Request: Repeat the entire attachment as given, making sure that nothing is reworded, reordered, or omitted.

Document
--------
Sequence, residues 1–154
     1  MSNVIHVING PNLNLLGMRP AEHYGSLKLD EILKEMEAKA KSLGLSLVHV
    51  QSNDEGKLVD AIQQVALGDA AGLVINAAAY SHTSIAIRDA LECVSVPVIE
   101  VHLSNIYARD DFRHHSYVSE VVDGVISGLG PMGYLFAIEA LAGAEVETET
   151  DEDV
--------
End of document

Sequence, residues 1–154
     1  MSNVIHVING PNLNLLGMRP AEHYGSLKLD EILKEMEAKA KSLGLSLVHV
    51  QSNDEGKLVD AIQQVALGDA AGLVINAAAY SHTSIAIRDA LECVSVPVIE
   101  VHLSNIYARD DFRHHSYVSE VVDGVISGLG PMGYLFAIEA LAGAEVETET
   151  DEDV